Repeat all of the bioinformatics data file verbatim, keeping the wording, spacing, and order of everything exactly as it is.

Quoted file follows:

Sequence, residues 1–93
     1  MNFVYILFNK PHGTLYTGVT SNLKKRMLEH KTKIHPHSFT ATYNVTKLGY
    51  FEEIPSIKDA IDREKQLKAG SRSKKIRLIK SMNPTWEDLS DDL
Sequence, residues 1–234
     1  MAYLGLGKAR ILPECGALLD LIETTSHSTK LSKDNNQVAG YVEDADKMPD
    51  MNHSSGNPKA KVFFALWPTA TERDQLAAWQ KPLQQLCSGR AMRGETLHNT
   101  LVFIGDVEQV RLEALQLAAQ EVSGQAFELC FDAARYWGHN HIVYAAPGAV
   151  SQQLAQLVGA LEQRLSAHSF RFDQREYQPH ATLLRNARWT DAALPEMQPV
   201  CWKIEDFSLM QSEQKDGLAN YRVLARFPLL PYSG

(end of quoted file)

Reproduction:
Sequence, residues 1–93
     1  MNFVYILFNK PHGTLYTGVT SNLKKRMLEH KTKIHPHSFT ATYNVTKLGY
    51  FEEIPSIKDA IDREKQLKAG SRSKKIRLIK SMNPTWEDLS DDL
Sequence, residues 1–234
     1  MAYLGLGKAR ILPECGALLD LIETTSHSTK LSKDNNQVAG YVEDADKMPD
    51  MNHSSGNPKA KVFFALWPTA TERDQLAAWQ KPLQQLCSGR AMRGETLHNT
   101  LVFIGDVEQV RLEALQLAAQ EVSGQAFELC FDAARYWGHN HIVYAAPGAV
   151  SQQLAQLVGA LEQRLSAHSF RFDQREYQPH ATLLRNARWT DAALPEMQPV
   201  CWKIEDFSLM QSEQKDGLAN YRVLARFPLL PYSG